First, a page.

The Bernstein polynomial Bi, n (x) has some useful properties:
- normalization between 0 and 1
- single unique local maximum at x=i/n
The polynomial occurred as result of the work of Sergei Natanovich
Bernstein, an Ukrainian mathematician (1880-1968). Bernstein
introduced the curve in 1911, using it for a constructive proof for the Stone-Weierstrass
Paul de Faget de Casteljau used the polynomials for the approximation
of curves, for the French car company Citroën.
Working for Citroëns competitor Renault, Pierre Bézier (1910-1999) came
to the same curves, which he mentioned Bézier curves.
His initial idea was to construct a basic curve as the intersection of two
elliptic cylinders, later he moved to polynomials.
It was AR. Forrest who realized that Faget de Casteljau and Bézier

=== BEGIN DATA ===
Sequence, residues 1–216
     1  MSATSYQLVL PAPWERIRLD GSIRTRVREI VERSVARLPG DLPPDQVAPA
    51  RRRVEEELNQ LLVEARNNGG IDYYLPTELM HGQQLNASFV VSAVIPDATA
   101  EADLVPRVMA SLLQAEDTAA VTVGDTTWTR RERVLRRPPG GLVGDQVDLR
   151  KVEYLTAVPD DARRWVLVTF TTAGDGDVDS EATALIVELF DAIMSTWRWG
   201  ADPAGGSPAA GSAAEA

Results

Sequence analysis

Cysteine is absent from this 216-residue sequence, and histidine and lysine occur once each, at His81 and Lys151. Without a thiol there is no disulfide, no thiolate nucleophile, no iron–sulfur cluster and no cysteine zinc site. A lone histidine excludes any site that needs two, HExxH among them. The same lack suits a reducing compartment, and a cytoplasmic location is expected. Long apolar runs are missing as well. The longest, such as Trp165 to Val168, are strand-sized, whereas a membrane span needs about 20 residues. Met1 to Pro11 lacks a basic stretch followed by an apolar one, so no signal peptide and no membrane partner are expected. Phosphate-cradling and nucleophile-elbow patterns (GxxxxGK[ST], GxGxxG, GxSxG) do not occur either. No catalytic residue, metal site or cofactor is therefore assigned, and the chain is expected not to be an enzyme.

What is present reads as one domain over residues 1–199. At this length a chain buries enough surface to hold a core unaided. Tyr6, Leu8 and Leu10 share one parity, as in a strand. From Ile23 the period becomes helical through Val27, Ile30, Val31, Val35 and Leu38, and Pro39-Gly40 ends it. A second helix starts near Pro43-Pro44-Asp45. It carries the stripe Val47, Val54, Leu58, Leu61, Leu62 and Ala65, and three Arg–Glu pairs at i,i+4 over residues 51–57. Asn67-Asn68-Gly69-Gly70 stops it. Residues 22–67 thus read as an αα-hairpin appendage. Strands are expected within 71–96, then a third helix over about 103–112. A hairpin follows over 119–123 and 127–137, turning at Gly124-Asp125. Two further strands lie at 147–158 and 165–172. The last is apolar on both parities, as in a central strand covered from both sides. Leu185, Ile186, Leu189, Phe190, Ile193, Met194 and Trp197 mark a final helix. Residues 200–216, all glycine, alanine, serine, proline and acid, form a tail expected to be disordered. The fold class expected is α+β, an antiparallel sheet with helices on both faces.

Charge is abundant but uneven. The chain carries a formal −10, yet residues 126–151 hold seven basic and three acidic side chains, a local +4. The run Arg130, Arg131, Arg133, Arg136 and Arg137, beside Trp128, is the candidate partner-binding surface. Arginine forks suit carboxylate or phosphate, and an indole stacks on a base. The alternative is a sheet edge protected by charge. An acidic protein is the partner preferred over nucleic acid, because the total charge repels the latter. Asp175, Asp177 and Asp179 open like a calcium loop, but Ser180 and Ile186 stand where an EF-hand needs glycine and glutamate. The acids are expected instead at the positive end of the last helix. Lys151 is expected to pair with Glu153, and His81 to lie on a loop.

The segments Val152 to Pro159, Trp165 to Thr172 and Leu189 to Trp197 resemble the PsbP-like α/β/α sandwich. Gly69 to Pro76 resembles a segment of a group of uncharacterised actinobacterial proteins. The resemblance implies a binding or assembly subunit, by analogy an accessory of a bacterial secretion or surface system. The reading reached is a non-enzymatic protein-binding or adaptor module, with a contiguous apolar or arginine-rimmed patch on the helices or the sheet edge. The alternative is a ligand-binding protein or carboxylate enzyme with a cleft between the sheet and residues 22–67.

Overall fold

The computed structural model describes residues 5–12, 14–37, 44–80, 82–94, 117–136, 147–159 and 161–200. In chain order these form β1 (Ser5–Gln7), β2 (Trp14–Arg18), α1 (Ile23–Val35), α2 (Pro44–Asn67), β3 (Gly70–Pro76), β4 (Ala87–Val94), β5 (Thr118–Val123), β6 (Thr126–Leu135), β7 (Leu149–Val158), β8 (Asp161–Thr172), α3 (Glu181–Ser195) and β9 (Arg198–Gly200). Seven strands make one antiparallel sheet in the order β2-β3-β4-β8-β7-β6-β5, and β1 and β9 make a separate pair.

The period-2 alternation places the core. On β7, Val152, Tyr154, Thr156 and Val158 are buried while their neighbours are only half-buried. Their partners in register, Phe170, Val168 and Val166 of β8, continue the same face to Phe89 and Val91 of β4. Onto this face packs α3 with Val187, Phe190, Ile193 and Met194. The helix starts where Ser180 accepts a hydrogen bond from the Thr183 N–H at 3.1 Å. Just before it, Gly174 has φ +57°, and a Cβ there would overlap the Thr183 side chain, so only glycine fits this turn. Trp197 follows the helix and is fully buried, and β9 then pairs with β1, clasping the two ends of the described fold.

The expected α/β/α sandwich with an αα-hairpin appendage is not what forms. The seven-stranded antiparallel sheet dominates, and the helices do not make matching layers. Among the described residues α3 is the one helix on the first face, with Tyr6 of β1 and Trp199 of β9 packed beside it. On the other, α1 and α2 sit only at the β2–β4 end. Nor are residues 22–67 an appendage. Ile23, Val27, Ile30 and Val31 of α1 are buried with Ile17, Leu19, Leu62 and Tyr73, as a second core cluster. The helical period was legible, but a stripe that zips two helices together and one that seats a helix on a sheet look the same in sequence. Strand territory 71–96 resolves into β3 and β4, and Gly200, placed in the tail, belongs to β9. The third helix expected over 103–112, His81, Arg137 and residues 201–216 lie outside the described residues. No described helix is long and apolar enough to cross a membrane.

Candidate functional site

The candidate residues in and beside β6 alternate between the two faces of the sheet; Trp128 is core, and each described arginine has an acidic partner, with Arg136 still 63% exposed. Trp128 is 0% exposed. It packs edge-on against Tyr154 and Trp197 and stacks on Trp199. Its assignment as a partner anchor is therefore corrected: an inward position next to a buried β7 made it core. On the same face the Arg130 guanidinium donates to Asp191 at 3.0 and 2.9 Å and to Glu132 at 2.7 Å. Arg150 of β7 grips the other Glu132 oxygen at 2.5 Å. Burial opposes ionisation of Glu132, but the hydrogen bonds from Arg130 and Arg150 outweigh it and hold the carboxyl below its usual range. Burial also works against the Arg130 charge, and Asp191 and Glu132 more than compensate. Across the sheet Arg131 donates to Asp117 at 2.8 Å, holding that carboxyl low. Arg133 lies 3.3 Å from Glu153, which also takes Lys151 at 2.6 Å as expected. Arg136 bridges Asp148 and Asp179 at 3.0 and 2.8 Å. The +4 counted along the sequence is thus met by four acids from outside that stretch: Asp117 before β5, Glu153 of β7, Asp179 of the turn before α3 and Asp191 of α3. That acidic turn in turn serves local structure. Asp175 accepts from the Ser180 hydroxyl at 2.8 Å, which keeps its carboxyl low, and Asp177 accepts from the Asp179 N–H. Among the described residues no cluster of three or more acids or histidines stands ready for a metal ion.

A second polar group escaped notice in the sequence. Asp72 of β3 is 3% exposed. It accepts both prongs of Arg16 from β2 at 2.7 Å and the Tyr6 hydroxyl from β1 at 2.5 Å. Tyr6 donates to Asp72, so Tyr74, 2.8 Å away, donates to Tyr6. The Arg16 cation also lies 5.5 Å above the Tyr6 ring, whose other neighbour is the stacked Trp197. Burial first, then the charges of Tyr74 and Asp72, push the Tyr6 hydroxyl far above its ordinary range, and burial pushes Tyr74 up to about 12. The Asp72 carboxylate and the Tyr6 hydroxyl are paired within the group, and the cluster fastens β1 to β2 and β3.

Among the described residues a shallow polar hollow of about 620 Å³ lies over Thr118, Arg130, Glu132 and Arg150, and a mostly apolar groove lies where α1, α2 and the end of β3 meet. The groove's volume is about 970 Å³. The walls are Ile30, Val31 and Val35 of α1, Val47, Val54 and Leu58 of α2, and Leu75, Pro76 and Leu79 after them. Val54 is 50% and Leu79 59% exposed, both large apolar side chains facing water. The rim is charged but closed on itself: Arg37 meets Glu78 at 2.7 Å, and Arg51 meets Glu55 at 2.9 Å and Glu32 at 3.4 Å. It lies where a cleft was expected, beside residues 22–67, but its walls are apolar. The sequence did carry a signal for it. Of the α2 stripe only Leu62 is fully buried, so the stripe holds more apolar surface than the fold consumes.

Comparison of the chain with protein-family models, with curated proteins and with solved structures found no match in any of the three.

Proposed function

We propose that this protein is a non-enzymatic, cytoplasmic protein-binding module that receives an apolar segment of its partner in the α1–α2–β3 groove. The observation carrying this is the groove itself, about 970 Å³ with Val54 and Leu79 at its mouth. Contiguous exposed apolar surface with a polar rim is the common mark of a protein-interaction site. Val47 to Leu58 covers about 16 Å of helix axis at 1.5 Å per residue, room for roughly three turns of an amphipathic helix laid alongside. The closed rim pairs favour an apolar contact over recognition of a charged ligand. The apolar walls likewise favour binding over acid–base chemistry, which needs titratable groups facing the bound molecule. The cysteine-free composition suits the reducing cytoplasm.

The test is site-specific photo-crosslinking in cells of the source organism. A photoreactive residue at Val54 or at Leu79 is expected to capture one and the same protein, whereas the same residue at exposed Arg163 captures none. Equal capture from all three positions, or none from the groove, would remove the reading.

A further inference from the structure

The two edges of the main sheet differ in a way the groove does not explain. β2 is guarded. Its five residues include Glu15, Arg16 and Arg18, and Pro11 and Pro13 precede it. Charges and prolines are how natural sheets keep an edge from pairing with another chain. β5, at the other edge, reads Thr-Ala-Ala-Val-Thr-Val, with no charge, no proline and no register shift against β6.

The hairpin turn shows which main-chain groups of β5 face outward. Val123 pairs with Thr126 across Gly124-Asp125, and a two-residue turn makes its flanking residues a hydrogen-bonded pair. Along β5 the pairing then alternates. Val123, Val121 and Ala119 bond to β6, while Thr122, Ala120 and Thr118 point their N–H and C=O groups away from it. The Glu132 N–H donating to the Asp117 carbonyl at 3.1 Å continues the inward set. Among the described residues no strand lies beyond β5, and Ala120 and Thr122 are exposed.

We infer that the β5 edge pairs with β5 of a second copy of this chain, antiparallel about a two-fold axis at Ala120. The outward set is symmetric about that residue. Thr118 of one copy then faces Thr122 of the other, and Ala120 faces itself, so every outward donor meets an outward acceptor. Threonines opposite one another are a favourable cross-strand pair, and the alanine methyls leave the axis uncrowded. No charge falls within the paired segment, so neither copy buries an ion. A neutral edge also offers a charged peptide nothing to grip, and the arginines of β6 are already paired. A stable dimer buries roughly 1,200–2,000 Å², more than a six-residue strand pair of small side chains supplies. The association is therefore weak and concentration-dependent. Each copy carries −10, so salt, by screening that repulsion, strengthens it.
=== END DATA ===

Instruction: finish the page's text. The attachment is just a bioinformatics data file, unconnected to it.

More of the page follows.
did the same job
Therefore we call the Bézier curve also the Bernstein-Bézier
It can be expressed as Bernstein polynomials Bi,n, given a set of n+1 control points
Pi (Pix, Piy):
The curve has the following properties:
- there is no line that has more intersections with a Bézier curve than
with the curve composed by the line segments through the points.
- the curve can be translated and rotated by performing these operations on
the control points.
- a numerical instability for large numbers of control points.
- moving a single control point changes the global shape of the curve.
This can be avoided by smoothly patching together low-order Bézier curves.
Another generalization of the curve is the B-spline.